Back when I first started watching the UFC in 1994 (I was 13, you couldn’t pay me to wear anything other than green sweatpants, and I had a mullet), I thought it was pretty fucking horrific. And awesome. Like the majority of other middle-class suburban kids, I had never seen anyone get the shit kicked out of them for reals. So this stuff was pretty damned hardcore and I was thankful my dad didn’t know from the box that this wasn’t just more pro wrestling.
I was instantly hooked. God knows I couldn’t beat up that little bitch Tina down the street, but I could fantasize about it while watching these events. So over the years I put together a nice collection of tapes by copying rental videos over two VCRs.
I knew that mixed martial arts came from Brazil, but for the first while, the only Brazilian guy they showed was Royce Gracie and he was a wuss. Okay sure he won a lot, but I hated his fucking guts. He was the cocky little guy who’s family owned the company. He barely punched anyone and I simply wasn’t all that impressed with his style. Never mind the fucking cheater used his gi as a weapon. Fuck him.
It wasn’t until I saw the Battlecade videos that I got a taste of some serious violent Brazilian Vale Tudo. Mario Sperry, Conan Silveira, Ralph Gracie, and Allan Goes all taught me that Brazilians were not to be fucked with. All of a sudden I had visions of Brazil as a place overflowing with no holds barred tournaments just like in a Jean Claude Van Damme movie. And to a degree, I guess that’s how it was : people still talk about the infamously violent IVC events held in the dirtiest, sleaziest bar on earth.
Fast forward to now. People are fucking flipping out over “Rio Heros”, which attempts to step away from the MMA label and return to the original concept of Vale Tudo: Anything goes fighting. The show is just a bunch of guys going at it over the course of the night, with the only rules being no biting, groin shots, or eye gouging (too bad if Chuck Liddell wanted to compete here).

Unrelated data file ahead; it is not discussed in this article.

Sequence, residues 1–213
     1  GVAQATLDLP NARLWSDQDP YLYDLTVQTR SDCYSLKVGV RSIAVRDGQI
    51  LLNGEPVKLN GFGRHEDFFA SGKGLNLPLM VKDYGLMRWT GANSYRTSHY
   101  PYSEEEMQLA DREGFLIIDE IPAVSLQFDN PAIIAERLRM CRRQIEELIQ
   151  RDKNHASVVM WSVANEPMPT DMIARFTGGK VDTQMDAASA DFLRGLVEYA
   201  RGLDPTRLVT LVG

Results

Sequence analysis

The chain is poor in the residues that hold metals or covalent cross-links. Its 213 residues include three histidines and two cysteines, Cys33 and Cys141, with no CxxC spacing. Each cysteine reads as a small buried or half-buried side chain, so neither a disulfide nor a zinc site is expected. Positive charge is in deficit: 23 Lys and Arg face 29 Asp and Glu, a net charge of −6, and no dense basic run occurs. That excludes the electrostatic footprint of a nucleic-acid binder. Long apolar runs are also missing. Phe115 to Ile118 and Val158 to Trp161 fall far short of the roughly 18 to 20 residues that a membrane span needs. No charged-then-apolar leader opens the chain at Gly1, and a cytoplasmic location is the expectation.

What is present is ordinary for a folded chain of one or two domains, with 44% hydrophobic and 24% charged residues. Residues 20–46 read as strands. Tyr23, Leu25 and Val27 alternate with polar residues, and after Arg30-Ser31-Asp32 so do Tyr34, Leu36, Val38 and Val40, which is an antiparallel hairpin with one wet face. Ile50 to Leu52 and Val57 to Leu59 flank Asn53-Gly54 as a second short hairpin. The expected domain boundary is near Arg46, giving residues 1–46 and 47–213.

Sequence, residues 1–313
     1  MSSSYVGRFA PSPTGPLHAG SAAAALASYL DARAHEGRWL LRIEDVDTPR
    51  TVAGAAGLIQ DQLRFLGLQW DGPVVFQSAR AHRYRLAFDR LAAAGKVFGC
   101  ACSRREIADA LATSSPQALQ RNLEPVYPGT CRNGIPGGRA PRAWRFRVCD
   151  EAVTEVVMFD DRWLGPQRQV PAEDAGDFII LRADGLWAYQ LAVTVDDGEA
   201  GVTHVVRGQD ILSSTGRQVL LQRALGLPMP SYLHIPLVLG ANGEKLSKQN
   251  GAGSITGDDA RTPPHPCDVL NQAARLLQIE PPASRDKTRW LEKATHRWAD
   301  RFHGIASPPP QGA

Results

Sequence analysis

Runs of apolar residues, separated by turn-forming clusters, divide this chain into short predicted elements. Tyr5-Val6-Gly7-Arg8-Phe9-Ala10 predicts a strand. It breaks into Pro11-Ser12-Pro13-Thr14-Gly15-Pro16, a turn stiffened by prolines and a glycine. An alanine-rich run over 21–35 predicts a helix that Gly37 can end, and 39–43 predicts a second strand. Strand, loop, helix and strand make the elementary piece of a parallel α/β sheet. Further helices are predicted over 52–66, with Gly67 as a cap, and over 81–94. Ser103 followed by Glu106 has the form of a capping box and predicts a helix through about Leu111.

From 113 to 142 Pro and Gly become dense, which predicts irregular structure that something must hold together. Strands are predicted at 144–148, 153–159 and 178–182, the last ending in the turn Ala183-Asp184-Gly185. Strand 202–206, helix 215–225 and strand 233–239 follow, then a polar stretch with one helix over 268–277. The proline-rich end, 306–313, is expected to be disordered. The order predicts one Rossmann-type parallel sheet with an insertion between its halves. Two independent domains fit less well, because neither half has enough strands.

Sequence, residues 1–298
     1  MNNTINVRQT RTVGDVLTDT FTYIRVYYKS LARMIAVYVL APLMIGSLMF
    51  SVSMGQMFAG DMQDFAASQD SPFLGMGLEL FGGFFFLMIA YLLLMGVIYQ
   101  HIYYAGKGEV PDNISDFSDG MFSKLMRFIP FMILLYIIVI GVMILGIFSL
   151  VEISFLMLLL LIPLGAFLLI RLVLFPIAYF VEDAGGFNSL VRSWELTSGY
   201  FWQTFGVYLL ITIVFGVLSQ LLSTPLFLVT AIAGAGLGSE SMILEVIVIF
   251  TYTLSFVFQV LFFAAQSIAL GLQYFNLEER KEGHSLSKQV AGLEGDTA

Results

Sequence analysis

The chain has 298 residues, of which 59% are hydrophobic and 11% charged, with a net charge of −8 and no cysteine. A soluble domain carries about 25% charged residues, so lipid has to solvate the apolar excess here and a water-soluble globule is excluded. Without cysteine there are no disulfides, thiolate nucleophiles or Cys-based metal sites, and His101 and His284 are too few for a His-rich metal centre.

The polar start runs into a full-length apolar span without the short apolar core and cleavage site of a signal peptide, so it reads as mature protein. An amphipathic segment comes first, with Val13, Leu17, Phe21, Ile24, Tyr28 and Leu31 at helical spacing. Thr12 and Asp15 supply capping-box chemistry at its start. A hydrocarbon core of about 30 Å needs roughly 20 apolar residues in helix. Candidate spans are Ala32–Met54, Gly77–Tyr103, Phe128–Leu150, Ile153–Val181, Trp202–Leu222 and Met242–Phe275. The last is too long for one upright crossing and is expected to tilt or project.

For me, this isn’t my cup of tea anymore. Call me over the hill, but I’m just not into the brutal aspect of fighting any more. On the other hand, I really couldn’t care at this point what other people are doing in some dank basement down in Sao Paulo. Whatever happens there isn’t going to stop MMA from growing. You can’t kill MMA with this kind of thing any more. We’re past that.
And regardless, this kind of thing was going on in Brazil for years and years. I’m really hoping that the majority of the people against this are only talking the talk for the sake of appearances. To hear Wanderlei Silva say he ‘watched it and cried’ is absurd considering his roots.
Yes, I know: we must distance ourselves from this kind of stuff, just like we want to distance MMA from cockfighting, dog fighting, trans fatty acids, fight clubs, and everything else bad. But let’s be honest here: this is what MMA used to be. And MMA will always be a form of fighting, no matter how hard people try to market it as something else.